by Hayaatun Sillem
Originally published: January 11, 2017
Despite some notable efforts, the engineering community still has a long way to go in building a more diverse culture writes Dr Hayaatun Sillem, deputy chief executive of the Royal Academy of Engineering
A fascinating new film will be premiered this month tracing the story of a group of NASA mathematicians – dubbed ‘human computers’ – who played a vital role in the US space programme, making crucial calculations to enable this superlative engineering effort. All were black women, and their story, Hidden Figures, celebrates a contribution thatwent largely unrecognised for decades.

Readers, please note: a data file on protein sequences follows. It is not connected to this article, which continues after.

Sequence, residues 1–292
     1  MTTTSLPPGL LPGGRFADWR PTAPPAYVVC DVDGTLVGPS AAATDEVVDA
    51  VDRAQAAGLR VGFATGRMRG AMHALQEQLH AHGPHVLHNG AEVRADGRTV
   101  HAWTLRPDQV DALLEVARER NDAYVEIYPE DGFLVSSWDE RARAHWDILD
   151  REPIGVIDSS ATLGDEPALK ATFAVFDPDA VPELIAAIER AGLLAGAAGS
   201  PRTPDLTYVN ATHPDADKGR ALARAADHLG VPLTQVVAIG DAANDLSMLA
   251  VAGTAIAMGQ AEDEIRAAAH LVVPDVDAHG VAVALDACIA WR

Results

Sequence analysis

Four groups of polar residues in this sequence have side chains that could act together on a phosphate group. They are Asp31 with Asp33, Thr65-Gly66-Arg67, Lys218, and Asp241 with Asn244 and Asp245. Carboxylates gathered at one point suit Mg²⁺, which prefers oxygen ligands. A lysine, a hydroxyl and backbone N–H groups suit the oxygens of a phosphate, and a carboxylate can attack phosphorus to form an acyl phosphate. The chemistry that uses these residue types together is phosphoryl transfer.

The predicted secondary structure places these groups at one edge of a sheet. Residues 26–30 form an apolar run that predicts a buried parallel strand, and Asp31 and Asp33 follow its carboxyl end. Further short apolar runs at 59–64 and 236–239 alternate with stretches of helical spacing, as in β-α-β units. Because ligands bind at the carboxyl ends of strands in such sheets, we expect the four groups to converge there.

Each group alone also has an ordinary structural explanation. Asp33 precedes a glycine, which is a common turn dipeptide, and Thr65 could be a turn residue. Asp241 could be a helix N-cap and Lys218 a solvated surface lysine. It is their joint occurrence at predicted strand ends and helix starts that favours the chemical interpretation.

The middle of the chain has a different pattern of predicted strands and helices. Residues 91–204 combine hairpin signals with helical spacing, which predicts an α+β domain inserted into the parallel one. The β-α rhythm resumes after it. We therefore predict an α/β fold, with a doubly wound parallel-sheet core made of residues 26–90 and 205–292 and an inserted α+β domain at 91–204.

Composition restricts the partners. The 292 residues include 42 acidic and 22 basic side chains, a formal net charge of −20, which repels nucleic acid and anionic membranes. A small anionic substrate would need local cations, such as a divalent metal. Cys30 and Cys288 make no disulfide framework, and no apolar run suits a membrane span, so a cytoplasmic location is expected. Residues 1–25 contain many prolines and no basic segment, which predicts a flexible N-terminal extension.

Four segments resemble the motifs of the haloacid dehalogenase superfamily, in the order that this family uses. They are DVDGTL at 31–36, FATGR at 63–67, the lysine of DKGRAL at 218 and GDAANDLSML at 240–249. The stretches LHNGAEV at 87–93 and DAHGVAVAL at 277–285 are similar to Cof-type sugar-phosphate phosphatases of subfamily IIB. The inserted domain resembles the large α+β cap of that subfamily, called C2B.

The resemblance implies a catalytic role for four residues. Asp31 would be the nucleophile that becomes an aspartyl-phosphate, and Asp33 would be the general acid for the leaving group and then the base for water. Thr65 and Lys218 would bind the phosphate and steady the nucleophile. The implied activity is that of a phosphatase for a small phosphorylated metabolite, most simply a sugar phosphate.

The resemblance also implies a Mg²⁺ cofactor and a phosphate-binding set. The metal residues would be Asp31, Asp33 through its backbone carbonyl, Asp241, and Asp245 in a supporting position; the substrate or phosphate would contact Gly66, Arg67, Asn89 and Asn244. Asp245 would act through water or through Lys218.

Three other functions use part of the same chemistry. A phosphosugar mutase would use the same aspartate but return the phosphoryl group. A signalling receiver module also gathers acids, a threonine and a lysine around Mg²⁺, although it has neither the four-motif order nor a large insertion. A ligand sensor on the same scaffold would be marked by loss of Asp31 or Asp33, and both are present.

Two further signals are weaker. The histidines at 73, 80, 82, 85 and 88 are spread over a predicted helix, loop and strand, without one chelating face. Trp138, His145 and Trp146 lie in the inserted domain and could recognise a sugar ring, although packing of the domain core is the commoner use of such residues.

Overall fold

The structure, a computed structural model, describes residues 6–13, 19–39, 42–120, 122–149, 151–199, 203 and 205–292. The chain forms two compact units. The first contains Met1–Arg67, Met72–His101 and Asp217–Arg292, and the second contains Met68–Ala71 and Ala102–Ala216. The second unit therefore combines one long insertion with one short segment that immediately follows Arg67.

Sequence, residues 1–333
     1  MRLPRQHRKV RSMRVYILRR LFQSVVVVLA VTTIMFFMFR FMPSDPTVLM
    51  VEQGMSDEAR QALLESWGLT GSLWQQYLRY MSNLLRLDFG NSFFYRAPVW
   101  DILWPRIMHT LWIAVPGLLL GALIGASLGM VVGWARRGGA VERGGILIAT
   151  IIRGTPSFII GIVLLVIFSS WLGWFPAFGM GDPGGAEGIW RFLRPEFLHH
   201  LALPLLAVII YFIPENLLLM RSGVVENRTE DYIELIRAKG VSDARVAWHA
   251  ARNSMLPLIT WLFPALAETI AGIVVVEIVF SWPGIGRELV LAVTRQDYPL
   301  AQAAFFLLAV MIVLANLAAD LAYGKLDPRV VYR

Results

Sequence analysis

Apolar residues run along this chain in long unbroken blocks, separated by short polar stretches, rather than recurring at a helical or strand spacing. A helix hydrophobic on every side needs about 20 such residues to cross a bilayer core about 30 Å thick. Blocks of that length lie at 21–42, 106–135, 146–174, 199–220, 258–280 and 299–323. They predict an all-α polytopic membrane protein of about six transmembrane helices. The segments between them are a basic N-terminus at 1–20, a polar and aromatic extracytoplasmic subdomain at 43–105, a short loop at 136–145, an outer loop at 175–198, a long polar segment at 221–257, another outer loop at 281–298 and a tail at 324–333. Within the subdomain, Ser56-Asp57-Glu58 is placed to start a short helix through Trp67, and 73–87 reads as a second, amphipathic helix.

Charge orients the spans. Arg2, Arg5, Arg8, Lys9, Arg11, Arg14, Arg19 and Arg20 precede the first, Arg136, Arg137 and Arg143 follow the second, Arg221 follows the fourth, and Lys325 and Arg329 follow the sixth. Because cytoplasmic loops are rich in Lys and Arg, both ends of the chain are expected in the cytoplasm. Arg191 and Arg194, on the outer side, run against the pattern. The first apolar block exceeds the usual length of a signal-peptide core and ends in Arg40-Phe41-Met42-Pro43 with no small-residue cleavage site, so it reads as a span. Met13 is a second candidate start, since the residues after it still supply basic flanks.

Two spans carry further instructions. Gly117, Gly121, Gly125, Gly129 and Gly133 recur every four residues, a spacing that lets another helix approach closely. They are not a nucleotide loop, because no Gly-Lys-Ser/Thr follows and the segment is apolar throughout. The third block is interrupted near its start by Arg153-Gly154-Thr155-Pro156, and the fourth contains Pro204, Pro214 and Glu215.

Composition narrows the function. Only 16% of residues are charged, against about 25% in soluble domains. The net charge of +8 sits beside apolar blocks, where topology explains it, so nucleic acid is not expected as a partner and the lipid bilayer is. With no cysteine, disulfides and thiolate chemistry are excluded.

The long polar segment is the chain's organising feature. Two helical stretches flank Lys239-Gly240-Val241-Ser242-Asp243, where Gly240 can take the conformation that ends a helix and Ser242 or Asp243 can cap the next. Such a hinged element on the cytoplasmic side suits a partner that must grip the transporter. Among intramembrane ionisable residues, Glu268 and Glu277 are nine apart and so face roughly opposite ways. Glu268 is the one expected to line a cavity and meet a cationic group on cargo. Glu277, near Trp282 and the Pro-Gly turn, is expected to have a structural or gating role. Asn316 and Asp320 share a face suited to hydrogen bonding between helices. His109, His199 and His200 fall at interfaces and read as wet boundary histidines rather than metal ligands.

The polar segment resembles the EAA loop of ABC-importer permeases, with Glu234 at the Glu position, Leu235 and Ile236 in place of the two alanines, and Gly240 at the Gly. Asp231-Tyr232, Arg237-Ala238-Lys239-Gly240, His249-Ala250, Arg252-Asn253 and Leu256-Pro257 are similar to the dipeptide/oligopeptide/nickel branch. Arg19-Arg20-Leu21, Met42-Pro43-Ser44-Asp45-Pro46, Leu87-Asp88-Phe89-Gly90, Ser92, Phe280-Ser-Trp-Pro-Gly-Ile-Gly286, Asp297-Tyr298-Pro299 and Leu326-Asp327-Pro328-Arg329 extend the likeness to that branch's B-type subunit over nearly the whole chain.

Fifty years later, and despite efforts to improve diversity, statistics tell us that STEM professions, and the engineering community in particular, still have a long way to go in building a more diverse culture. For example, 20 per cent of physics A-levels are awarded to girls, the Institute of Physics found in its 2011 report It’s different for girls. Fifteen per cent of engineering and technology first degrees are awarded to females. Only 8 per cent of professional engineers are female, according to Prof John Perkins’ 2013 Review of engineering skills, and only 4.6 per cent of those registered with their professional institutions are female. Only 25.5 per cent of engineering and technology first degrees are awarded to people from black and minority ethnic backgrounds, according to EngineeringUK 2016, while 14 per cent of the UK population are from minority ethnic backgrounds. But only 6 per cent of people in professional engineering roles are from black and minority ethnic backgrounds, according to a Royal Academy of Engineering analysis of Labour force survey data in 2013.